Occasionally, perfection is useless!

                                                                         
In sport, what merits perfection? It’s one of the questions to which there’s no definitive answer. Simply because, obviously, in different codes, moments of utter greatness manifest themselves in varying ways.
For instance, for a GAA player, it would most likely be hitting the winning score in an All Ireland Final. A golfer would probably plump for a hole in one. Having the ultimate impact in a rugby game might involve scoring (or converting) the winning try in a European or World Cup decider. Similar sentiments are easily applicable to soccer too.
For exponents of darts, the ultimate achievement must be to check out – in other words win an individual game – by throwing only nine arrows. The most common way of achieving that – though it rarely happens – is going 2 x 3 x 20, 1 x 2 x 19, 1 x 2 x 12. It was probably more than coincidence that it was seeing Michael Van Gerwen achieve the feat one night (and nearly do so again seconds later) which got me hooked on the sport.

Peter ‘Snakebite’ Wright
The thing is, occasionally, perfection is useless. You see, at the most recent incarnation of the PDC World Championships, Terry Jenkins and Kyle Anderson both hit the zenith of their game – within a few minutes of each – yet both ended up losing their respective first round matches.
Now, that Van Gerwen eventually claimed the Sid Waddell Trophy on January 1st wouldn’t have been the greatest shock, but, it was a championship with entertainment and surprises aplenty all the same. Not least the sight of promising youngster Michael Smith ousting Phil Taylor relatively early into the proceedings.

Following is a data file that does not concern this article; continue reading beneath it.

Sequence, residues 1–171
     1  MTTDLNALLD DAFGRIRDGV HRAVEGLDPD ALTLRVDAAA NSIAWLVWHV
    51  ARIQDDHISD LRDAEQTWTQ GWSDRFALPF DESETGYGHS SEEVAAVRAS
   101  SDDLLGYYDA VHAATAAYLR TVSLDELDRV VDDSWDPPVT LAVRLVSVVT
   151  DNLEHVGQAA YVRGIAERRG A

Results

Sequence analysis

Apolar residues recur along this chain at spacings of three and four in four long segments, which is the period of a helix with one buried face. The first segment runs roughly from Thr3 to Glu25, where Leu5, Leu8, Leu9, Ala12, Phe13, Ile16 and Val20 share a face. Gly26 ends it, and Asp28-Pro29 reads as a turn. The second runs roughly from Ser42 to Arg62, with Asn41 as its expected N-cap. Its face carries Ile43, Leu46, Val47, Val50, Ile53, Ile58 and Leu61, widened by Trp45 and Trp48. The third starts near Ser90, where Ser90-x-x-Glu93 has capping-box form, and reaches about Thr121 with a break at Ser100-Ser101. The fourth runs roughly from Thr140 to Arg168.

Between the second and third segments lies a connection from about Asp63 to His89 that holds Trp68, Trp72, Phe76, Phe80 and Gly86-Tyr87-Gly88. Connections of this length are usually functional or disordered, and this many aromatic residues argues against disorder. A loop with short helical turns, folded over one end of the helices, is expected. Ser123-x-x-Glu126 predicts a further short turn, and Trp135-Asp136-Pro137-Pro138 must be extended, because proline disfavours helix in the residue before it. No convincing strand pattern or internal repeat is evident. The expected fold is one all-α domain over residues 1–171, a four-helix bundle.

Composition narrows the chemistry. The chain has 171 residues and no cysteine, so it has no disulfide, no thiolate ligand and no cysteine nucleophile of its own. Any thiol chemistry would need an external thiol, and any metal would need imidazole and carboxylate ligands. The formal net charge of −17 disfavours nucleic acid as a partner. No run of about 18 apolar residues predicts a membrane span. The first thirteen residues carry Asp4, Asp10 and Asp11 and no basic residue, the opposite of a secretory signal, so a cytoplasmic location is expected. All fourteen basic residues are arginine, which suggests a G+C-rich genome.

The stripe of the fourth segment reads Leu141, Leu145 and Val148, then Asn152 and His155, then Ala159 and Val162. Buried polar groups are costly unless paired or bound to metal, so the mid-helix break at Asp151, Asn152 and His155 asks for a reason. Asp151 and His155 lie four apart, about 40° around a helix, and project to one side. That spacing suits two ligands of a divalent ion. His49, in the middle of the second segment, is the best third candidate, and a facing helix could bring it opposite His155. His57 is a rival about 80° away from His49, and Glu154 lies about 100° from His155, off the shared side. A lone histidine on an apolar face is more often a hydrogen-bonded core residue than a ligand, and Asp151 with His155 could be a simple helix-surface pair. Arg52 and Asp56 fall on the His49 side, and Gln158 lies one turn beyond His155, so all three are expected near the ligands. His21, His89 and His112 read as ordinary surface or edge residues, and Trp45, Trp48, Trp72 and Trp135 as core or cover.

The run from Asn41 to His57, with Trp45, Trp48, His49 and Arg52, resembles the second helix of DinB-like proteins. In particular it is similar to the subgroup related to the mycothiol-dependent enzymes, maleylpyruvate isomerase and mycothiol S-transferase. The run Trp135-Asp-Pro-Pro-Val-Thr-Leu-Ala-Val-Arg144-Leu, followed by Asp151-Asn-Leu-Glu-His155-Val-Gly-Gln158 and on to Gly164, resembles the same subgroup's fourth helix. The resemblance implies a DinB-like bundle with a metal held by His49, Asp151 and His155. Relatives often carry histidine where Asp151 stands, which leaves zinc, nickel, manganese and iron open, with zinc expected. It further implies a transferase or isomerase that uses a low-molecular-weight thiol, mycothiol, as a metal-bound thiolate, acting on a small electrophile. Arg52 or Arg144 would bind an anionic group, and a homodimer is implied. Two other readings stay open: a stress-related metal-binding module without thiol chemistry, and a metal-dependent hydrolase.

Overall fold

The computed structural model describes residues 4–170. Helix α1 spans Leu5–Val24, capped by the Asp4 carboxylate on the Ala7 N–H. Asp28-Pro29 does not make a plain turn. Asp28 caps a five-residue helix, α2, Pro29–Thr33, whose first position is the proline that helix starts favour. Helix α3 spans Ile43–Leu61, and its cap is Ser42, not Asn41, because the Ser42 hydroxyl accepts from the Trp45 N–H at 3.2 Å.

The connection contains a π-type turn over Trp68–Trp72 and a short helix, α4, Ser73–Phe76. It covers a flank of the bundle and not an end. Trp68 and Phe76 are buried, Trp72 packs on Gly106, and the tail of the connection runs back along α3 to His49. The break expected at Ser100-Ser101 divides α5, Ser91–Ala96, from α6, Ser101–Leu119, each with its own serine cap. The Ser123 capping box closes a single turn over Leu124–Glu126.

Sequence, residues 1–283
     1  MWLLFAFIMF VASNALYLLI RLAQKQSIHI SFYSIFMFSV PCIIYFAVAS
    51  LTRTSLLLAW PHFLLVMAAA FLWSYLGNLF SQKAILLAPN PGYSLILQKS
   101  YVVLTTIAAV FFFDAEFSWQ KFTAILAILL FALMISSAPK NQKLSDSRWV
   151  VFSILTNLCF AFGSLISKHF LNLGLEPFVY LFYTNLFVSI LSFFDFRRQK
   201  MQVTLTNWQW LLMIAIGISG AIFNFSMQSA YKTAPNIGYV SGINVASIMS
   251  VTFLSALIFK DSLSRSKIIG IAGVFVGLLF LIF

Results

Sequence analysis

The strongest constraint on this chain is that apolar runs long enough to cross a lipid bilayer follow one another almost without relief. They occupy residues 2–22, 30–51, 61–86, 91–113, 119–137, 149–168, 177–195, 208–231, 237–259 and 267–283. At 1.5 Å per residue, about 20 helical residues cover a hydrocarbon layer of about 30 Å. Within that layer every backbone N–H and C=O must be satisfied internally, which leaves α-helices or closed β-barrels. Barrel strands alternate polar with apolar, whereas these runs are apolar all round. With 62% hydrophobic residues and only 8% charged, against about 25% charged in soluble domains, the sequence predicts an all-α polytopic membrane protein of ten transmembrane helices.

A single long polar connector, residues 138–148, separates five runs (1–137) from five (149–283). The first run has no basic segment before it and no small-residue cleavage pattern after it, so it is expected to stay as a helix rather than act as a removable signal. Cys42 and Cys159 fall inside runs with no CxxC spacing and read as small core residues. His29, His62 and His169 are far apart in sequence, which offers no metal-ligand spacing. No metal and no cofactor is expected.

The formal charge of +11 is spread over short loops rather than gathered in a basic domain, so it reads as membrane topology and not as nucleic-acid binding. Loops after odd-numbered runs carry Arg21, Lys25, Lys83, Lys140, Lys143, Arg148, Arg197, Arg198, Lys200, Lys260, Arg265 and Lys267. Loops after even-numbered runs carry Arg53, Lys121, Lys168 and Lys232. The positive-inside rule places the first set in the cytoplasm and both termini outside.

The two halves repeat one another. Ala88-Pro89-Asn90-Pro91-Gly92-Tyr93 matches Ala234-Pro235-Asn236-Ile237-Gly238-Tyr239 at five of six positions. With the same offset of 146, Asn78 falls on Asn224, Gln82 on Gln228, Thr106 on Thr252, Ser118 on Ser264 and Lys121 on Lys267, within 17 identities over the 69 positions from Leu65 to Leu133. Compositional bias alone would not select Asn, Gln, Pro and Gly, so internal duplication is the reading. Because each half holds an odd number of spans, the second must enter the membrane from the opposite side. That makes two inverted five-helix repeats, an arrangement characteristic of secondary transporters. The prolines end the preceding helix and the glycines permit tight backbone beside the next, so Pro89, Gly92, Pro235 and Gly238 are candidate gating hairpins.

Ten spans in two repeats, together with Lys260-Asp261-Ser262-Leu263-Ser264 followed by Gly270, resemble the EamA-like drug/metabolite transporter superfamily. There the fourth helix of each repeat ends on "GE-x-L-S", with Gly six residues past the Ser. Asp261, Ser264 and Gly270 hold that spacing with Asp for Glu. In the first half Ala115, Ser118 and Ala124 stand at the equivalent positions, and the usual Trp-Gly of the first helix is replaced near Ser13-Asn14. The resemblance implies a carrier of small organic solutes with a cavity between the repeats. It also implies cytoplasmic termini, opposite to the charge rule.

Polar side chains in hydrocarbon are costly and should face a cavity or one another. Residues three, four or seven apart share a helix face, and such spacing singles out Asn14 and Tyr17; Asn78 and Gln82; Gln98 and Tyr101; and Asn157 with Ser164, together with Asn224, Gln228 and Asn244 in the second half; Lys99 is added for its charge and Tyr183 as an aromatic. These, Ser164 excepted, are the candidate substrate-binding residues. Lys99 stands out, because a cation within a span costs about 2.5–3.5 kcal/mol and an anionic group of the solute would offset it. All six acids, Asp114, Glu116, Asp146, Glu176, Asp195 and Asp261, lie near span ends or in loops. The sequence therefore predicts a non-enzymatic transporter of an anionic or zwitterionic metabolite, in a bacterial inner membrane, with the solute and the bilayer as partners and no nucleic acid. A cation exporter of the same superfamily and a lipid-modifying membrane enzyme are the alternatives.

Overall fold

That ‘The Power’ was eliminated was, in itself, not the biggest turn up going, but, few would have expected him to exit so quickly. Given his antics after he defeated Raymond Van Bernaveld last season – before subsequently suppressing MVG to attain his 16thworld title – you’d wonder how he’ll react to this latest turn of events.
His powers being on the wane has been more obvious recently than ever before. That might seem a strange assessment given the plethora of titles he has annexed already during the season. However, even though he has been winning, it hasn’t been with near the same authority as before. Where once it wouldn’t even have entered the equation, of late, the sense was that it was always at the very least a possibility.
For all that, to see he who did manage to pull it off, and at the stage it transpired, was still a bit more than a little shock. Maybe, though, it actually points to a changing of the guard in the sport. Van Gerwen has been threatening to harvest the golden fleece for a while, so, his doing so could hardly be the epitome of same. Other developments might be stronger pointers, mind you.
Before the Dutchman really began to properly fulfil the potential that has always been obvious, Adrian Lewis was clearly – and rightly – deemed second in the pecking order behind Taylor. And, despite being resoundingly thumped by MVG in the semi final, he must still be considered so. On the night in question, William Tel himself wouldn’t have shot arrows with any greater accuracy or efficiency than the victor.
Difference being that now it is MVG he’s second to. Which, of course, begs the question, where does that leave Taylor? This observer would vouch that, while he may not have the aura of auld, to write him off yet might prove very foolhardy indeed. Beware the power and hunger of a wounded lion!
What may transpire is that whoever is deemed to be at or near the top of the tree might find their stiffest competition emerging from unusual angles. Aside from the delightful dancing of Devon Pietersen, among the other highlights (literally) – once you warmed to them – were the many styling varieties – and playing style – of the very colourful Peter Wright.
The big challenge now for ‘Snakebite’ is to maintain the form he exhibited and become a force on a regular basis. Ditto Gary Anderson, Wes Newton and Simon Whitlock – to varying degrees in each case.
It seems fairly certain, in any case, that the forthcoming Premier League will be far from a one or two horse race. Now all it needs to do is hurry up!

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